23 Oct 12:21 2012

## A clarification about what happens under the hood with foldMap

<oleg <at> okmij.org>

2012-10-23 10:21:03 GMT

2012-10-23 10:21:03 GMT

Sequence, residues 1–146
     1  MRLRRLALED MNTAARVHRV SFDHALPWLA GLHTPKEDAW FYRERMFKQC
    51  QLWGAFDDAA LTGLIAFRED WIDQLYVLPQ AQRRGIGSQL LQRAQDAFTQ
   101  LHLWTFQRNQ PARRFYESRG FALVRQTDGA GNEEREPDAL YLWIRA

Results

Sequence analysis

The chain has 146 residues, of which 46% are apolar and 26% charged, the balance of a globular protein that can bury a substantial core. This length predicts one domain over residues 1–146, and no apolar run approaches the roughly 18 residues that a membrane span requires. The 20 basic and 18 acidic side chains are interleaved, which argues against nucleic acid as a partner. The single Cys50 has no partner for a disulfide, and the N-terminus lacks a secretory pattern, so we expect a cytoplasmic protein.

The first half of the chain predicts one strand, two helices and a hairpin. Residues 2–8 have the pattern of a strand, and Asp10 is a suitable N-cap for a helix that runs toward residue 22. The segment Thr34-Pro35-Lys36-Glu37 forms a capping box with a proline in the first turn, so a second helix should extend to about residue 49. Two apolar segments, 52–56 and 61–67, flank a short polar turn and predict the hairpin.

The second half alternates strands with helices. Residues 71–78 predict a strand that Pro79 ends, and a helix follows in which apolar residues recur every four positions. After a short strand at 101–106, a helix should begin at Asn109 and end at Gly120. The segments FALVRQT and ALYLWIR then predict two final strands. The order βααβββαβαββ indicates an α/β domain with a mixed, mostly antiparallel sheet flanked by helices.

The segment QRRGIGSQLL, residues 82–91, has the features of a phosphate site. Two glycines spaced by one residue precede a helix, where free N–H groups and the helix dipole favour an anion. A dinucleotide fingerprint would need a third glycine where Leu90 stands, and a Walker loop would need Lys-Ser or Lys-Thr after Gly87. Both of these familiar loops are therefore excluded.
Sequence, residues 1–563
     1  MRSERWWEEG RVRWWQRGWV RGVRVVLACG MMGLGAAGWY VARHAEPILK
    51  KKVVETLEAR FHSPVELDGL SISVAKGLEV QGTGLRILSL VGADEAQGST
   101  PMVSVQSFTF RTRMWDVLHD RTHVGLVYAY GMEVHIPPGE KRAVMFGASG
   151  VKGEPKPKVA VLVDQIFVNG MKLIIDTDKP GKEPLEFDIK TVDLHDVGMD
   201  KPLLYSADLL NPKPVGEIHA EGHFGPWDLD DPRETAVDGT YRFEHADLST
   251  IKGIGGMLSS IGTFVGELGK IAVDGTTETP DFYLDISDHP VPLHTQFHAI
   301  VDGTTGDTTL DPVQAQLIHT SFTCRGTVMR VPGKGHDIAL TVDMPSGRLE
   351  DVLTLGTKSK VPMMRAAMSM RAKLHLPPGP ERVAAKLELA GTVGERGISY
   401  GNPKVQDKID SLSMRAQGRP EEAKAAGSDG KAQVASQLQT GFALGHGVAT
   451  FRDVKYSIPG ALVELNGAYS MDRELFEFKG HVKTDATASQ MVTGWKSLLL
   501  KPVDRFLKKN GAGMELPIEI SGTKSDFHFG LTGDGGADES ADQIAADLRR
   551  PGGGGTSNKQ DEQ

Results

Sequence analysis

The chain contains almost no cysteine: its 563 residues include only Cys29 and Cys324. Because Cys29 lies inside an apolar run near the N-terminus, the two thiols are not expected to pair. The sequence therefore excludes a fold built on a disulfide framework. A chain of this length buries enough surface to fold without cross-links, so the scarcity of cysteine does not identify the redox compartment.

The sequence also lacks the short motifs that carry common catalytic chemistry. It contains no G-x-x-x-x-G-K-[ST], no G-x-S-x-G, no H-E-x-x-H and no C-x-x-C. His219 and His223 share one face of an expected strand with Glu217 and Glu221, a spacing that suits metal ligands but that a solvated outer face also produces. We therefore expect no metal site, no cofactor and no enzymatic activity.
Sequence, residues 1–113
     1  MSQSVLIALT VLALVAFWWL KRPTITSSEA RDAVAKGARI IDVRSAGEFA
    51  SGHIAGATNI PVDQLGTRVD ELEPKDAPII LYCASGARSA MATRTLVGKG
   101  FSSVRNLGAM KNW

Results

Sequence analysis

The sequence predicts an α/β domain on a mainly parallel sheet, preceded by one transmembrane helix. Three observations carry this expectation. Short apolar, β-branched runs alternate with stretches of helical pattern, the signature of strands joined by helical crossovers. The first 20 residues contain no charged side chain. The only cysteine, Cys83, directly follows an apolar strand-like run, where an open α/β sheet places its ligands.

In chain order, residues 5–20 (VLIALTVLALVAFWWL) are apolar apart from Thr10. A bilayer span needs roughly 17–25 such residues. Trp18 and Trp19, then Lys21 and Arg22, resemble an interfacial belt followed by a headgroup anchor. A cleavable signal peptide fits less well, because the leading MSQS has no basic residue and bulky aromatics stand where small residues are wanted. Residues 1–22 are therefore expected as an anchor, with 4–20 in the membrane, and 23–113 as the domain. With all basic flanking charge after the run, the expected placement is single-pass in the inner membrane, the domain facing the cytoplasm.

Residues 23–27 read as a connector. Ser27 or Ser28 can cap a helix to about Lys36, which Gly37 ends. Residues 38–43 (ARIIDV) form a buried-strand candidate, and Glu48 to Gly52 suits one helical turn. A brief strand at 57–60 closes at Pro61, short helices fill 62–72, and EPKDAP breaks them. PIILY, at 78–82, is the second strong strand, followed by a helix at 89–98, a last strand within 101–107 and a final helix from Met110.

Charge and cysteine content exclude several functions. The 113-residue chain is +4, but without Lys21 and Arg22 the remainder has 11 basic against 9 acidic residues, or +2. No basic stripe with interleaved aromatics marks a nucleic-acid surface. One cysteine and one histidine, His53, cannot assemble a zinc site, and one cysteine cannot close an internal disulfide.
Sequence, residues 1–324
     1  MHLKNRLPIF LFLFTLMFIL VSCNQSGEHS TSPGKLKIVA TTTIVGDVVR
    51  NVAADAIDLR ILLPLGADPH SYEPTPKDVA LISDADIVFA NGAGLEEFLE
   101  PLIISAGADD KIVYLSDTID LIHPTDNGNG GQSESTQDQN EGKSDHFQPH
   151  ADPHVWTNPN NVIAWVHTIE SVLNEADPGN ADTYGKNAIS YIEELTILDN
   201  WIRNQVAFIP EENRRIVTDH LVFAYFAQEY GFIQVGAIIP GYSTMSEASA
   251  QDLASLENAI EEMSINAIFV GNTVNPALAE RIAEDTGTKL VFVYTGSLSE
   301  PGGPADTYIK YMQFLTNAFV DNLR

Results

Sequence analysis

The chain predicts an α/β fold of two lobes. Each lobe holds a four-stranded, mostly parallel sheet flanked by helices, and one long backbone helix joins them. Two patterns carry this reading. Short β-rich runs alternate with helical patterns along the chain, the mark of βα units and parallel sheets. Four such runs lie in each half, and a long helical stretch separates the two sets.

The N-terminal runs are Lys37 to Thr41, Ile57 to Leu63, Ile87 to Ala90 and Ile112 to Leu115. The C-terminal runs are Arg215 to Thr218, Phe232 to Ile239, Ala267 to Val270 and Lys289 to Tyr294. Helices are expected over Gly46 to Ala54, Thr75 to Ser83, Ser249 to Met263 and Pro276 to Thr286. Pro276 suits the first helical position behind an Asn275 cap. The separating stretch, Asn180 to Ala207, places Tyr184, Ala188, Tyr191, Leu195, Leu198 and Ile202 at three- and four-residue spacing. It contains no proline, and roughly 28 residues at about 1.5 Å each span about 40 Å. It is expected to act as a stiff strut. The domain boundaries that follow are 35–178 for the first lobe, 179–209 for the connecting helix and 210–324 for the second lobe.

> I was playing with the classic example of a Foldable structure: Trees. > So the code you can find both on Haskell Wiki and LYAH is the following: > > data Tree a = Empty | Node (Tree a) a (Tree a) deriving (Show, Eq) > > instance Foldable Tree where > foldMap f Empty = mempty > foldMap f (Node l p r) = foldMap f l `mappend` f p `mappend` foldMap f r > > treeSum :: Tree Int -> Int > treeSum = Data.Foldable.foldr (+) 0 > > > What this code does is straighforward. I was struck from the following > sentences in LYAH: > > Notice that we didn't have to provide the function that takes a value and > > returns a monoid value. > > We receive that function as a parameter to foldMap and all we have to > > decide is where to apply > > that function and how to join up the resulting monoids from it. > > This is obvious, so in case of (+) f = Sum, so f 3 = Sum 3 which is a > Monoid. > What I was wondering about is how Haskell knows that it has to pass, for > example, Sum in case of (+) and Product in case of (*)? Hopefully the following paradox helps:(Continue reading)